Oxford Metrics (-9.1%) issued a solid set of interim results. The designer of smart sensors grew revenues 11% to £23.5 million and believes it is on track to hit full-year expectations with visibility on over 90% of sales.

The holding in fintech provider Fintel was sold after the company grew to exceed the £250 million market cap level at which the fund managers begin a managed exit from positions.


Positive contributors included:

Crimson Tide (+66%), Essensys Group (+48%), Intercede Group (+23%), Gear4Music (+22%) and Zoo Digital Group (+19%).

Negative contributors included:

Mind Gym (-19%), Frenkel Topping Group (-12%), EKF Diagnostics (-12%), Nexteq (-11%) and Oxford Metrics (-9%).

Discrete years' performance (%) to previous quarter-end:







Liontrust UK Micro Cap I Acc






FTSE Small Cap ex ITs






FTSE AIM All Share






IA UK Smaller Companies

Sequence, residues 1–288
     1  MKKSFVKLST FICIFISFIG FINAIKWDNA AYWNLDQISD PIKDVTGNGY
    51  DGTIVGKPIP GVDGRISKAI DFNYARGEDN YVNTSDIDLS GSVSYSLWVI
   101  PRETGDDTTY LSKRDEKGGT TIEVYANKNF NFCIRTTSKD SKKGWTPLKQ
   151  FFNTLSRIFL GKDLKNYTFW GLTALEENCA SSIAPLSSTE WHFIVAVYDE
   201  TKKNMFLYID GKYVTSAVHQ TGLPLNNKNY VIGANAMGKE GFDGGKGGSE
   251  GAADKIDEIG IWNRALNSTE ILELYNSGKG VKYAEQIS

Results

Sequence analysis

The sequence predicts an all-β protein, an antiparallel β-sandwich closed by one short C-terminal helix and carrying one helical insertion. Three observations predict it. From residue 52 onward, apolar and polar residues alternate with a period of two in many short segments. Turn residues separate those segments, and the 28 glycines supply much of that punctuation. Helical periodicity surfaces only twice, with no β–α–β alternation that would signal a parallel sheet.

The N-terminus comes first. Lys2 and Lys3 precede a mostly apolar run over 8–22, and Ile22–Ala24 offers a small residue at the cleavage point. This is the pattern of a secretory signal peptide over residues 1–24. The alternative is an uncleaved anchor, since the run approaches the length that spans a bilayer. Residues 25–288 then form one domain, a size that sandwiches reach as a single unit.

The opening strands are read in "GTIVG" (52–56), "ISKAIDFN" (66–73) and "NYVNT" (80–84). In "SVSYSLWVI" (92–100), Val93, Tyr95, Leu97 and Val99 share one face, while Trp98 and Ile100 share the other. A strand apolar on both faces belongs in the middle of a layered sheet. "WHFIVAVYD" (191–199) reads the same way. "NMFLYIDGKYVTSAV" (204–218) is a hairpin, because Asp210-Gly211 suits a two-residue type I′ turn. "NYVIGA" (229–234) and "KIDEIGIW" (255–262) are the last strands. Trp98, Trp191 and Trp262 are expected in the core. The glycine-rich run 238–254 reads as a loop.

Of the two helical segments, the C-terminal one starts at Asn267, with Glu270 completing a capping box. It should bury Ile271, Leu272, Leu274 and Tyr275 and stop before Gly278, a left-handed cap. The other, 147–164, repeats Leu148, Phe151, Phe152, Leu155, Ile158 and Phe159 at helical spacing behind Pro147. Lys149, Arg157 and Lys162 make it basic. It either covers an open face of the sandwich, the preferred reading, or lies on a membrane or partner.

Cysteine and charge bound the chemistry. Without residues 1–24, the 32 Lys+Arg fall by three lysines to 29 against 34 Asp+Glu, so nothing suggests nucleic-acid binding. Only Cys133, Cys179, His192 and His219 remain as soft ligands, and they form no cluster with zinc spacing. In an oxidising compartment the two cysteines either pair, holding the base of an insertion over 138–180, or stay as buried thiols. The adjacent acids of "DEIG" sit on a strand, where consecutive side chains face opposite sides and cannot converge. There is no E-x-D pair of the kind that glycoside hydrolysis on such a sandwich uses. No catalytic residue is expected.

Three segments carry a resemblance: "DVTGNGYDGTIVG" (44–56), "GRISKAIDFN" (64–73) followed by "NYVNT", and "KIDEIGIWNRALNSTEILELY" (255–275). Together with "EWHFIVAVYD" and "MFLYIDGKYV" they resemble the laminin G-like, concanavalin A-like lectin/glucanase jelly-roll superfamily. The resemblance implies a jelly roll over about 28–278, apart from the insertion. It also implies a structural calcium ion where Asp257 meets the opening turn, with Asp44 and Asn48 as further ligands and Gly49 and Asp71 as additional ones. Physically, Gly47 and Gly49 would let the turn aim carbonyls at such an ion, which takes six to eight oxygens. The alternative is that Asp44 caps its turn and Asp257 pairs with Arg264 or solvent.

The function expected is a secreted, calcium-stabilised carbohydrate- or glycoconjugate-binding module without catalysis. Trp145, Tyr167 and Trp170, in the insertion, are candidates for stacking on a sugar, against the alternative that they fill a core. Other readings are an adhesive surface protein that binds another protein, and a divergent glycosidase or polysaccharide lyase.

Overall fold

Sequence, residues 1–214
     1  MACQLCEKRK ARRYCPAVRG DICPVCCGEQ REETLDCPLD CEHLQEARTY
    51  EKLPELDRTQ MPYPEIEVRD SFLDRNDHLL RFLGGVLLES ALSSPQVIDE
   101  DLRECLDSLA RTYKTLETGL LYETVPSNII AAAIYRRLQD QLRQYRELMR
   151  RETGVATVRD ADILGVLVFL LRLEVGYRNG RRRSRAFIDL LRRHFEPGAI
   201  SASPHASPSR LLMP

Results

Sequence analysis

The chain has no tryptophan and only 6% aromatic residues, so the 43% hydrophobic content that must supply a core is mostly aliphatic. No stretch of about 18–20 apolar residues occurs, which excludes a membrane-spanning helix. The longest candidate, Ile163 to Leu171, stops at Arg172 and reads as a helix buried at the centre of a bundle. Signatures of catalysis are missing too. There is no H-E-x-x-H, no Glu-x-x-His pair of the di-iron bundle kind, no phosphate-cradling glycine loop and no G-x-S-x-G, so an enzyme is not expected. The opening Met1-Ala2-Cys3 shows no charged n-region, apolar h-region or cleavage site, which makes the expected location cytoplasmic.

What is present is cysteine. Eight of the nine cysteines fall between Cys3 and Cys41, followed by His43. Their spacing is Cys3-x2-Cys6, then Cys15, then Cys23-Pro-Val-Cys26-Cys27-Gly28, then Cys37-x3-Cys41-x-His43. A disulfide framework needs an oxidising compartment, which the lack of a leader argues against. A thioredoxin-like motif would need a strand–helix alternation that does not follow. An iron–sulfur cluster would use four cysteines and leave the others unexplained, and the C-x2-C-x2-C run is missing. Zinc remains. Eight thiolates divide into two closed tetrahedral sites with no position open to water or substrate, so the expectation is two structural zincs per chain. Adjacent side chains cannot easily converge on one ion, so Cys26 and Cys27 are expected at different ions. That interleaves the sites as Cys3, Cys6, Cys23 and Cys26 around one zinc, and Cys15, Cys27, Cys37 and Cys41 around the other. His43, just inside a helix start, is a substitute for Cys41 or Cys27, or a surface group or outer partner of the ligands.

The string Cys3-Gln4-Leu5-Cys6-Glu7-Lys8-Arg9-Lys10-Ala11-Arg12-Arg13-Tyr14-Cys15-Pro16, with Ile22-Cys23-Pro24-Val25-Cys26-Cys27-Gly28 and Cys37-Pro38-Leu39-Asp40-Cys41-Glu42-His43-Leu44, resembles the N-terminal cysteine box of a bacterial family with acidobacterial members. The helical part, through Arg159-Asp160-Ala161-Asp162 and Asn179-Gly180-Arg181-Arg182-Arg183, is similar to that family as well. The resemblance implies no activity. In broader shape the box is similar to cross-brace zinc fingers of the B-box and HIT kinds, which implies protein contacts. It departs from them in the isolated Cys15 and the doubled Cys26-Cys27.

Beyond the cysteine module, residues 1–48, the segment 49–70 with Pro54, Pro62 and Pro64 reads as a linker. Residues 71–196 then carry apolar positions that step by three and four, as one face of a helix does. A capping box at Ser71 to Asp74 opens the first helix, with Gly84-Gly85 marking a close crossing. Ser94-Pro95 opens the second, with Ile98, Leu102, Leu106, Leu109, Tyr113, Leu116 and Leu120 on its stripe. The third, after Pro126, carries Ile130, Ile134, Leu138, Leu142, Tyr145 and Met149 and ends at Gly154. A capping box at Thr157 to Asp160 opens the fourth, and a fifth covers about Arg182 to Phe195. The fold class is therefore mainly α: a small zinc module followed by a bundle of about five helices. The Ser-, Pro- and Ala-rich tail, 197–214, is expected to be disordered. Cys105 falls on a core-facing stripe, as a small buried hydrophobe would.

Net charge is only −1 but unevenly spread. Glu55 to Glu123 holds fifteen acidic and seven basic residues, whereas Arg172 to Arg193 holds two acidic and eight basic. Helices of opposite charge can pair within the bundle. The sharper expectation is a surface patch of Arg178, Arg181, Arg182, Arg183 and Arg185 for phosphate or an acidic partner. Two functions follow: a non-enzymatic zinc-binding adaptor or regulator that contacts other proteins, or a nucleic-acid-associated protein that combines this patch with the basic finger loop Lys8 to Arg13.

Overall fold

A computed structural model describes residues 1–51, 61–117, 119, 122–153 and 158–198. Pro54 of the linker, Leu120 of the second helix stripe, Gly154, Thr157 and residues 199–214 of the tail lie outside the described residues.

*Source: Financial Express, as at 30.06.24, total return (net of fees and income reinvested), bid-to-bid, institutional class. **Source: Financial Express, as at 30.06.24, total return (net of fees and income reinvested), bid-to-bid, institutional class.

Understand common financial words and terms See our glossary

Past performance is not a guide to future performance. The value of an investment and the income generated from it can fall as well as rise and is not guaranteed. You may get back less than you originally invested.

The issue of units/shares in Liontrust Funds may be subject to an initial charge, which will have an impact on the realisable value of the investment, particularly in the short term. Investments should always be considered as long term.